Which diabetes med is likely to be on top in 2020? According to FirstWord Pharma, that would be--surprise!--Lantus, albeit as a $5 billion shadow of its former self. Januvia should keep its hold on second prize with almost $4 billion, while Novo Nordisk's NovoRapid and Lilly's Humalog remain in the top 5 with $3.6 billion and $3.04 billion in sales.
Sanofi has news for all of the payers, providers and patients who thought the French drugmaker would discount its newly approved insulin Toujeo to get it established in the market. Think again.
Novo Nordisk says the FDA has accepted its reapplication of its long-acting insulin Tresiba, setting it up for an October decision and a launch yet this year if approved this time around. Execs at Sanofi will certainly be watching the calendar just as closely given that a Tresiba launch will complicate the French drugmaker's efforts to its new long-acting insulin Toujeo established as the clear successor to aging Lantus.
Sanofi has its second diabetes approval in as many months: Toujeo, its long-acting follow-up to the megablockbuster Lantus. It's a big moment for the French drugmaker and its diabetes franchise, which needs the new drugs to perform, and quickly, to cushion the blow from forthcoming Lantus biosimilars.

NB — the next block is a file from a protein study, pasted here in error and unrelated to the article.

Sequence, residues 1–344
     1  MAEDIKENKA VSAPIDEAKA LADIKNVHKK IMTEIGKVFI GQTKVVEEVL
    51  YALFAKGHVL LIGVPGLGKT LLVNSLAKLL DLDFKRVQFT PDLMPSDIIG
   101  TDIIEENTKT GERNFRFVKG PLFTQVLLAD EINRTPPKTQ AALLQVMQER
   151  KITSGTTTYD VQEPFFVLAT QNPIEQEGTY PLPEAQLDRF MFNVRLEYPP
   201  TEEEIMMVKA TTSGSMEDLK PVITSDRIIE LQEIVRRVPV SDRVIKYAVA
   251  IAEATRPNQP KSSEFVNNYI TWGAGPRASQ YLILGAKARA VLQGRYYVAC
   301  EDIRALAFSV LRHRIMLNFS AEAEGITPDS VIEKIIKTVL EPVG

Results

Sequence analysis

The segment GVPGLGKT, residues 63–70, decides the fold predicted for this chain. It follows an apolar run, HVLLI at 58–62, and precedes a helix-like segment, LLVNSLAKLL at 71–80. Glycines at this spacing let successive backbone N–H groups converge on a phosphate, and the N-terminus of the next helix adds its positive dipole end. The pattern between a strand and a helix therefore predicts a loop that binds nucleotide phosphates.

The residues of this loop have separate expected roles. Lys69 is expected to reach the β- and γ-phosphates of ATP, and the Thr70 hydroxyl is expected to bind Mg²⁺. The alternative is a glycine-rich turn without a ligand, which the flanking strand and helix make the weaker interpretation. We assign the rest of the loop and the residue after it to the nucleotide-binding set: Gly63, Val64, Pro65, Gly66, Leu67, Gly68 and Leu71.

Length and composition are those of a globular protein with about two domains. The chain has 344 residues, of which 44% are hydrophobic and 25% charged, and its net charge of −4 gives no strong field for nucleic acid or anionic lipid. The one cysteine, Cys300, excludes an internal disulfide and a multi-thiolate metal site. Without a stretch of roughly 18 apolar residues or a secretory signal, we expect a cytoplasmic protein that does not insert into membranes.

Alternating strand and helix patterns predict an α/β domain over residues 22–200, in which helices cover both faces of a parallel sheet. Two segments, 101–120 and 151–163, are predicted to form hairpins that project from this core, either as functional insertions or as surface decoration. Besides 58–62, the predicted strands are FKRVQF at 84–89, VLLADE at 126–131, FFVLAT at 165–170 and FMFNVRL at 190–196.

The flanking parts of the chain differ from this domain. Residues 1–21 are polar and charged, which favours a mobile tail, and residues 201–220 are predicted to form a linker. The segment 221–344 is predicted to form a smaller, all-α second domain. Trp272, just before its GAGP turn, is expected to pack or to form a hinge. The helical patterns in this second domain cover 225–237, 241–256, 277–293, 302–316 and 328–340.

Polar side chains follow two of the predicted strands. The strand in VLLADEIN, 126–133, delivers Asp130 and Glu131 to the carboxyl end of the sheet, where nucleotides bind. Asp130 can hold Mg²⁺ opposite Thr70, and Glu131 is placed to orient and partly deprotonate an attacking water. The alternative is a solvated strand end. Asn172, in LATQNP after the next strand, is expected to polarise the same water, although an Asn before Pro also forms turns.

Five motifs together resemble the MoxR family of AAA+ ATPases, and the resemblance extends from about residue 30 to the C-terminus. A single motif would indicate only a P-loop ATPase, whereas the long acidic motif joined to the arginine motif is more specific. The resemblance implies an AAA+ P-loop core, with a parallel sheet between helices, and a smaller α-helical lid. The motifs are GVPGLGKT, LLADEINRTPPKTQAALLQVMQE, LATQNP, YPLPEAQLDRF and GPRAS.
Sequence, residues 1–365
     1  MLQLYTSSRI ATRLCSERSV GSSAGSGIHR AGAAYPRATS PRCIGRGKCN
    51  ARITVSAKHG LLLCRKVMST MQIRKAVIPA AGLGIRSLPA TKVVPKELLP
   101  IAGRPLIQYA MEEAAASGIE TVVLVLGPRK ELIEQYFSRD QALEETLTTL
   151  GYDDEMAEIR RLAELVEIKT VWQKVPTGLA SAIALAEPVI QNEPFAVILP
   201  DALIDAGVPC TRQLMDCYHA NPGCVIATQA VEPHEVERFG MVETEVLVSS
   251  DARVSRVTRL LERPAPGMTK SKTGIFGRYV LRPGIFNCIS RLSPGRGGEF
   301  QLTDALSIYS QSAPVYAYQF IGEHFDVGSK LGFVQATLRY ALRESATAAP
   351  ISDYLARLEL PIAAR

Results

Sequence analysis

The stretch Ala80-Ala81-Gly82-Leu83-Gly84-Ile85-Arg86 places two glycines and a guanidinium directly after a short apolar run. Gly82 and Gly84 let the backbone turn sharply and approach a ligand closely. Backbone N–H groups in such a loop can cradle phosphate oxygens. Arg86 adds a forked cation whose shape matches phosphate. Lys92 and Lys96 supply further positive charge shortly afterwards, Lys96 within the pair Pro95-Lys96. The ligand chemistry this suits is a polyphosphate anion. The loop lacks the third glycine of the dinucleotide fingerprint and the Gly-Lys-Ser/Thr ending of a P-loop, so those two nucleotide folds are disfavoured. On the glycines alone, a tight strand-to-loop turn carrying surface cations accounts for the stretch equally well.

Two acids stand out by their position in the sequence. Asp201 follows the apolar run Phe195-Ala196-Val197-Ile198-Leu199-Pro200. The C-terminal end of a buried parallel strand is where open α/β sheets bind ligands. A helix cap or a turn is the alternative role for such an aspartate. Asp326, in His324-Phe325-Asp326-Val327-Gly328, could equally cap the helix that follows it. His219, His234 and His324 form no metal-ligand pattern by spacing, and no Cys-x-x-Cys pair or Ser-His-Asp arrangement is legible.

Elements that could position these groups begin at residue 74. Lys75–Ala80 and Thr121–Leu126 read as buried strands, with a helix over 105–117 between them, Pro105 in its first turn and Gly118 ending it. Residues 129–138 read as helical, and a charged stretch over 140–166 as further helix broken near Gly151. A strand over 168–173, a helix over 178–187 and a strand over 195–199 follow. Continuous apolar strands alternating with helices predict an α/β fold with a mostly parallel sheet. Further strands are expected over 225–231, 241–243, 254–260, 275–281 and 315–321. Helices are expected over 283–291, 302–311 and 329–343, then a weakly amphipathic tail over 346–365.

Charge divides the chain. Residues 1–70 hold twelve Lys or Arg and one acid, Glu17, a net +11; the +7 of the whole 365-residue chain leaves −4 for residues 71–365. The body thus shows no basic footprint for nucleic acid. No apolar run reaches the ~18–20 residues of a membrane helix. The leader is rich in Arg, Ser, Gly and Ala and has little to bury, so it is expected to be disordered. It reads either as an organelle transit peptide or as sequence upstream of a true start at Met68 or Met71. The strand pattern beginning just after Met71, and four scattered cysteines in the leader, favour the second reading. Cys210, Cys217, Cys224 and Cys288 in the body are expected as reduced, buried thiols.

Eli Lilly's long-acting basal insulin peglispro is on the back burner now. Some analysts figure it's well on its way to being canned. But the news isn't quite as bad for Lilly as one might expect--nor quite as good for the drug peglispro was hoping to challenge, Sanofi's Lantus.
It was Sanofi's first public event without ex-CEO Chris Viehbacher. But the French drugmaker's investor day didn't bring much in the way of surprise. As expected, Sanofi Chairman Serge Weinberg talked up the launches expected for next year and beyond, all $38 billion worth.
Novo Nordisk has made diabetes-minded investors very happy today. Rather than following Sanofi's discouraging announcement of flat sales expectations in the field next year, the Danish drugmaker said it's expecting growth in the high single digits.
Eli Lilly took another big step toward filing its long-acting insulin peglispro for an approval, racking up some more positive HbA1c Phase III data in a head-to-head showdown with Sanofi's bestselling Lantus.
Eli Lilly won't be able to sell its Lantus copycat--dubbed Basaglar--for at least 30 months because of a patent fight with Sanofi.
Eli Lilly has won a "tentative" FDA approval for its knockoff of Sanofi's Lantus, but don't look for it at a pharmacy anytime soon. The insulin glargine injection--to be marketed as Basaglar eventually in the U.S.--faces an automatic 30-month stay after Sanofi filed a suit against Lilly and its partner Boehringer Ingelheim claiming patent infringement.